I was through with college and headed on to Indonesia to study Balinese gamelan, but my college years and Susan Sontag’s On Photography were still fresh in my mind. One of the first arguments she makes in that piece is that ‘being educated by photographs Is not like being educated by older, more artisanal images.’ Perhaps I focused too much on trying to accomplish something more artisanal by not jumping headlong into digital media, rather than on the more salient points she makes throughout her piece: that to photograph is to collect, appropriate, distort, and idealize the world. The medium lends itself to these things by abstracting our relationship with the real world. As she so succinctly put it: “Needing to have reality confirmed and experience enhanced by photographs is an aesthetic consumerism to which everyone is now addicted.” I was then, and I am now.
So just like coffee I’m not resisting the allure of my fix, but rather dive headlong into it with all the problems intact.
Marketing Through Coffee Photography
One particular encounter struck me. I was speaking with a coffee roaster about using photos of coffee producers in marketing materials. I shared my consternation about including photos of these people without their consent, without their names, and without knowing if they felt comfortable. This person’s perspective was different. The photos of these people would help to sell their coffee – and this by itself isn’t wrong. I wouldn’t be here writing this if photos like these did not help to sell coffee. Laying aside the issues of consent for a moment, we should understand why photos like this attract people. Setting aside the issues of consent for a moment, let’s consider why photos like these attract certain people.
So: Why exactly would seeing the photo of this producer entice someone to purchase coffee? Does the photo reflect on how close we are to the source? Is this photo incontrovertible proof of our company’s proximity to production? More abstractly, does one somehow feel closer to the producer themselves upon seeing a photo like this? Are we attempting to live vicariously through these photos, much as we would looking at luxury hotels on some curated Instagram page?
These photos occupy a space somewhere in between confirmation bias and meme culture – we feel happy when we see a photo of a producer with a good cherry selection, we recognize attention to detail and manual dexterity when we see someone hand-sorting freshly hulled coffee. We then make the logical jump to believing that this is the very coffee we are buying and drinking, produced by the same people in the photos.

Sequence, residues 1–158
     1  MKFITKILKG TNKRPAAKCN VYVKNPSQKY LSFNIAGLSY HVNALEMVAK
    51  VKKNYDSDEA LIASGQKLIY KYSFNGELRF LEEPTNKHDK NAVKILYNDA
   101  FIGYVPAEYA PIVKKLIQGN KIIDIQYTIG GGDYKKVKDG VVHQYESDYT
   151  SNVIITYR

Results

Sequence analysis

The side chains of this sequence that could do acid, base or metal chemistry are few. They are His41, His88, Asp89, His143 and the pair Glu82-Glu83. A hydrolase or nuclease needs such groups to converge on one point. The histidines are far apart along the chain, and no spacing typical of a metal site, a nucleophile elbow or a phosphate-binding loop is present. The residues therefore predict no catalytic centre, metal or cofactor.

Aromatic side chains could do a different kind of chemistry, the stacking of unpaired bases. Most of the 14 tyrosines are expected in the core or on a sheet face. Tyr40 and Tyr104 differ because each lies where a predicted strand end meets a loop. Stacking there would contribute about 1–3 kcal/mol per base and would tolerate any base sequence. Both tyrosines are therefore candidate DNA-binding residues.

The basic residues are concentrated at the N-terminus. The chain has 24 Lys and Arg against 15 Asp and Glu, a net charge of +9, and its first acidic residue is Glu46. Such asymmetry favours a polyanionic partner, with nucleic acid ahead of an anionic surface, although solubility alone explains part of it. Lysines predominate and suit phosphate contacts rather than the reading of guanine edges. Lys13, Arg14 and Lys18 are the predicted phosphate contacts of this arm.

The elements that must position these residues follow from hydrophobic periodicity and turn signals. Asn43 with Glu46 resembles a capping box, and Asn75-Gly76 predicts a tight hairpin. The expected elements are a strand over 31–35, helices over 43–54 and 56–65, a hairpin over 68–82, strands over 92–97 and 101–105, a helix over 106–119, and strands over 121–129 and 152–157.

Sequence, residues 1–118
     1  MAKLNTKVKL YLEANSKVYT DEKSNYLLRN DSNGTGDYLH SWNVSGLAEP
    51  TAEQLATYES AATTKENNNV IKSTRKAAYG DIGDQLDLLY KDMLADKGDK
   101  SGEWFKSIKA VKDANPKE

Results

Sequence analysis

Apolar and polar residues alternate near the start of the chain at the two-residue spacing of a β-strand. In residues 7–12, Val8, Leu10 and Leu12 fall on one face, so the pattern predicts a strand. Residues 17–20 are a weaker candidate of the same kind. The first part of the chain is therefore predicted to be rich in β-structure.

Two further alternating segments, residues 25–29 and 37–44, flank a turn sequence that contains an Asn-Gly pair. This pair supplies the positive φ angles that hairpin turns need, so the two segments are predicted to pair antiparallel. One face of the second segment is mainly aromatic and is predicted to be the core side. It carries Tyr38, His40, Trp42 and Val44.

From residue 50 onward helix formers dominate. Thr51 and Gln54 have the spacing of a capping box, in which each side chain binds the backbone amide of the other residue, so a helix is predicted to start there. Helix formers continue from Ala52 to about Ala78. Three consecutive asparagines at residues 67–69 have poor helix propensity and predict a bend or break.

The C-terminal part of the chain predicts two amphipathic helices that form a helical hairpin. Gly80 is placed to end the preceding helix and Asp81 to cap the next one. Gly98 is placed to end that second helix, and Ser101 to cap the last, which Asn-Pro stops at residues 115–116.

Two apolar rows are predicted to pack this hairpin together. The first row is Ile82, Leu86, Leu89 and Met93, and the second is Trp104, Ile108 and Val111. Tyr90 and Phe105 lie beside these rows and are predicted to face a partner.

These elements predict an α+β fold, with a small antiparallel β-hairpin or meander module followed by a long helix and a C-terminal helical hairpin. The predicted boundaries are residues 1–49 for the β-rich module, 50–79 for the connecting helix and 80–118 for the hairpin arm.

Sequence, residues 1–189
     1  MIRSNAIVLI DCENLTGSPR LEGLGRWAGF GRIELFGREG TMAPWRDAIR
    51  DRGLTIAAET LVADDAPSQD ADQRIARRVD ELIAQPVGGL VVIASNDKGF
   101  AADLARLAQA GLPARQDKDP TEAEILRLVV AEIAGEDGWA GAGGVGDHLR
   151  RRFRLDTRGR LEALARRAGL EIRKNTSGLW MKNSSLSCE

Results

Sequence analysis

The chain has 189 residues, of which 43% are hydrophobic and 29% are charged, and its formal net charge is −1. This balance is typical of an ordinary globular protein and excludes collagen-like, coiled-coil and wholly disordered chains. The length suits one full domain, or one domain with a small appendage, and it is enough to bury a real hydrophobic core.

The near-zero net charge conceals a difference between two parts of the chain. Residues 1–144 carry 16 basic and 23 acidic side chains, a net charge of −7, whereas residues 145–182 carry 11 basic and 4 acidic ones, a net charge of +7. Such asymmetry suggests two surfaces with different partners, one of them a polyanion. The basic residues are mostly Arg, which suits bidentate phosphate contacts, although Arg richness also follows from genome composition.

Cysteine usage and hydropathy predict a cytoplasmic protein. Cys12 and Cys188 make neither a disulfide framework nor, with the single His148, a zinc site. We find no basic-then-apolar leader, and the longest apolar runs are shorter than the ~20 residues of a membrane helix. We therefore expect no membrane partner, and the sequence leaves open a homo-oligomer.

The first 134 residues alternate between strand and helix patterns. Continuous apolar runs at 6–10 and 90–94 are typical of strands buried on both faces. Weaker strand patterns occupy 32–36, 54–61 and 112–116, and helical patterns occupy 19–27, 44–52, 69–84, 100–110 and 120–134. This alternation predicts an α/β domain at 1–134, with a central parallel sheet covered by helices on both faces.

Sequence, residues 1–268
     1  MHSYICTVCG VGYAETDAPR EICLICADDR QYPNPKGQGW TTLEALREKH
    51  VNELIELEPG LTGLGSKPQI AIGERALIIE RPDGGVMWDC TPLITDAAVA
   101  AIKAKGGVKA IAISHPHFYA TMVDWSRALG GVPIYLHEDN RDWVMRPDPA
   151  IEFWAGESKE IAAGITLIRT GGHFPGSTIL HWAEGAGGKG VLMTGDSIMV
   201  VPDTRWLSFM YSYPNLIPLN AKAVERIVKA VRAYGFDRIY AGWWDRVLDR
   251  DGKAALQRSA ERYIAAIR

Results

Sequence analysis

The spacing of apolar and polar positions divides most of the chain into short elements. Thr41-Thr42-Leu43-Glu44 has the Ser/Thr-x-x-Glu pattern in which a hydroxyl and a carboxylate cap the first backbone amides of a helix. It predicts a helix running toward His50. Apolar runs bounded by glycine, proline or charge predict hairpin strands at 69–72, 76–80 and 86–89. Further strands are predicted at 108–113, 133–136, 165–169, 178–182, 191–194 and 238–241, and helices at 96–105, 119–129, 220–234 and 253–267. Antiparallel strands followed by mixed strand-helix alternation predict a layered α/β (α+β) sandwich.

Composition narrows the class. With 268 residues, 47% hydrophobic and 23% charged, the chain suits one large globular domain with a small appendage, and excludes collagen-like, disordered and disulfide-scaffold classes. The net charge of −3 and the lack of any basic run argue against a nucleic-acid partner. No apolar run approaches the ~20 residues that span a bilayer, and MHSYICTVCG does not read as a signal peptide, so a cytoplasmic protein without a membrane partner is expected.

I would argue that origin photography of producers without consent and documentation is inherently exploitative, especially when used for sales. This content exists to confirm our narrative and our view of the ‘reality of coffee production.’ Unless, of course, those photos are taken by the producers themselves or someone participating in their community, and for the benefit of the community.
Leaving aside your local farmers’ market, the food production supply chain is far beyond being able to assure a consumer that their food comes from any particular person. To believe otherwise is to fool ourselves, and to misunderstand the complexity of the supply chain. Origin photography helps to close that gap for the consumer, but only with photos that confirm our narrative – it’s not often that we see photos of ports or container ships, for example.
Lots are blended and mixed, products change hands and are repackaged, but there are counterexamples. We can say with confidence that some lots we procure are indeed from particular people, or at least that a particular person or family is responsible for getting this coffee to market. The Catracha Coffee Project is a great example – we know for certain that these coffees came from particular people. We can also say that we have visited these people year after year, have asked politely to take their photos, and conveyed the purpose of the photos in question.
It would be disingenuous, however, to assert that a Guatemala SHB stocklot came from one particular farmer, and we should make the distinction between types of producers very clear in this case. While there may be one producer responsible for the final milling, packaging, and export of this coffee, we cannot rightly call that person a farmer. But we can refer to them as producers without qualms.